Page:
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Department of Justice

U.S. Attorney's Office
Western District of Wisconsin
Timothy M. O’Shea, United States Attorney
For Immediate Release
Thursday, September 1, 2022

Beloit Man Sentenced to 9 Years for Cocaine Trafficking & Illegal Gun Possession

MADISON, WIS. – Timothy M. O’Shea, United States Attorney for the Western District of Wisconsin, announced that Eshawn M. Reed, 40, Beloit, Wisconsin pleaded guilty and was sentenced today by Chief U.S. District Judge James D. Peterson to 9 years in federal prison for distributing crack cocaine and possessing a firearm in furtherance of a drug trafficking crime. This 9-year prison term will be followed by 5 years of supervised release.

On April 6, July 19, and August 5, 2021, Janesville Police Department officers purchased crack cocaine from Reed in Janesville using a confidential informant.

On August 10, 2021, law enforcement officers planned to arrest Reed and search his residence in Janesville. On that day, Beloit Police Department officers attempted to conduct a traffic stop on the vehicle Reed was driving. Reed did not pull over and instead fled in his vehicle at a high rate of speed. Officers located Reed’s abandoned car sometime later. Reed was found walking away from the vehicle and taken into custody. His vehicle was searched, and officers found a loaded Ruger 57 handgun, an additional loaded magazine, a bag containing 25 grams of crack cocaine sitting on top of a stack of $4,380 in cash, an additional $15,790 in cash, and 1,063 grams of marijuana. Reed’s DNA was found on the firearm.

Officers also searched Reed’s residence in Janesville pursuant to a search warrant. At the residence, officers found drug trafficking paraphernalia, including a vacuum-sealing machine, unused vacuum bags, a 100-gram weight, measuring cups, strainers, and packaging materials. The next day, officers were alerted to a bag found in a ditch along Reed’s suspected flight path from law enforcement the day prior. Inside the bag, officers found 671 grams of powder cocaine and 62 grams of crack cocaine. Reed’s DNA was found on the bag of powder cocaine. When interviewed by officers, Reed admitted to possessing the guns, drugs, and cash in the vehicle and admitted that the crack cocaine found in the car was prepackaged for sale so he would be ready when someone called.

Reed was prohibited from legally possessing a firearm based on multiple prior felony convictions. During the time of the controlled buys and arrest, he was on state supervision for three felony cases – one involving second degree recklessly endangering safety, use of a dangerous weapon, a second case involving maintaining a drug trafficking place, and a third case involving possessing cocaine with the intent to distribute. His state supervision has since been revoked and he is currently serving a total sentence of 5 years in state prison with an anticipated release date of November 7, 2026. Judge Peterson ordered Reed’s 4-year federal sentence on the cocaine distribution charge to run concurrently with the remainder of Reed’s state prison sentence and ordered Reed’s 5-year federal sentence on the firearm charge to run consecutively to the cocaine distribution charge as well as Reed’s state prison sentences.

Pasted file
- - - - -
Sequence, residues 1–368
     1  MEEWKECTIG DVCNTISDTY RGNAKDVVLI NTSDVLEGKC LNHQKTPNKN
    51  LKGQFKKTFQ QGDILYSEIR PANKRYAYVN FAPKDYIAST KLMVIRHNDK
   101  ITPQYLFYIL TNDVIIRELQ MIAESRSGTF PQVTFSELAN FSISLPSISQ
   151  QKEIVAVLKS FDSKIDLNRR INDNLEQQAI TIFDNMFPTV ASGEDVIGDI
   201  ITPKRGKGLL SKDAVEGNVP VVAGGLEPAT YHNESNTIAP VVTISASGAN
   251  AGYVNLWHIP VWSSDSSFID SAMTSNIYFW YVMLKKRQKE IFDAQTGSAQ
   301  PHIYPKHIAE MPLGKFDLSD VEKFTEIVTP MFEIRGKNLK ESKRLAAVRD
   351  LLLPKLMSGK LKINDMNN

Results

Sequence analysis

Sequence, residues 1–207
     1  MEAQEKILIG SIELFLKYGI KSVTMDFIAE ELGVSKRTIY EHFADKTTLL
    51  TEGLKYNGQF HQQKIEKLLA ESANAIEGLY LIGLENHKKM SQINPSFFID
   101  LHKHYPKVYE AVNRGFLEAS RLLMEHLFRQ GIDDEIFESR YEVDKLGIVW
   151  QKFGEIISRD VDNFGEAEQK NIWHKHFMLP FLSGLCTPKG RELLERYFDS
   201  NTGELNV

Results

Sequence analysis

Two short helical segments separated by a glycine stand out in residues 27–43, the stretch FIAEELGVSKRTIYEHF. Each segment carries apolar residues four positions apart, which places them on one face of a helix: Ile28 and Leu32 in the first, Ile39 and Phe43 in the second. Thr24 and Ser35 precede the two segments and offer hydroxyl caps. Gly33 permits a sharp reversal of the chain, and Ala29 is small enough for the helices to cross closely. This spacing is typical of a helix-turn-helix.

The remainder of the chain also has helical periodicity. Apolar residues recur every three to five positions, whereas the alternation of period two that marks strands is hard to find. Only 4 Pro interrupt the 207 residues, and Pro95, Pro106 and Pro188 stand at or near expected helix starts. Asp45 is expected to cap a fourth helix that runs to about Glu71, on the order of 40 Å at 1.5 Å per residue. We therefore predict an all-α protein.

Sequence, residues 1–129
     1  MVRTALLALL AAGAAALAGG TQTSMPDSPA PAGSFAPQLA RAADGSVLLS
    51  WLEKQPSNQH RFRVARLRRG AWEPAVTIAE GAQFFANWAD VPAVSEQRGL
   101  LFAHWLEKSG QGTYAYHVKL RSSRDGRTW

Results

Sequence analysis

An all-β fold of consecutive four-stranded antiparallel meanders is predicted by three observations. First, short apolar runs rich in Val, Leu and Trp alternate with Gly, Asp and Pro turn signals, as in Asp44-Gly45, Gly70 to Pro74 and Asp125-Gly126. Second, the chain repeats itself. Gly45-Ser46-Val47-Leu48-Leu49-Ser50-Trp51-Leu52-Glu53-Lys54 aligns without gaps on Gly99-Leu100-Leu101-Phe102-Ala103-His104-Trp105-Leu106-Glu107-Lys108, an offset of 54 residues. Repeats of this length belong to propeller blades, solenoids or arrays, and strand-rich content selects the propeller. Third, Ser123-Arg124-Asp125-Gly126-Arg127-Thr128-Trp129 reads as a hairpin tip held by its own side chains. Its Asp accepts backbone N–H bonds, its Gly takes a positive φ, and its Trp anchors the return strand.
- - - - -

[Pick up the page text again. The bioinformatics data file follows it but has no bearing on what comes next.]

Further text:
At sentencing, Judge Peterson said that Reed’s crimes were very serious, that his extensive drug dealing was degrading to the community, and that his firearm possession was highly aggravating. Judge Peterson noted Reed’s long, unrelenting history of crime which included a prior federal conviction for possessing a firearm as a felon.

The charges against Reed were the result of an investigation conducted by the Janesville, City of Beloit, and Town of Beloit Police Departments, the Wisconsin Department of Justice Division of Criminal Investigation, and the Bureau of Alcohol, Tobacco, Firearms and Explosives. Assistant U.S. Attorney Steven P. Anderson prosecuted this case.

This case is part of Project Safe Neighborhoods (PSN), a program bringing together all levels of law enforcement and the communities they serve to reduce violent crime and gun violence, and to make our neighborhoods safer for everyone. On May 26, 2021, the Department launched a violent crime reduction strategy strengthening PSN based on these core principles: fostering trust and legitimacy in our communities, supporting community-based organizations that help prevent violence from occurring in the first place, setting focused and strategic enforcement priorities, and measuring the results.

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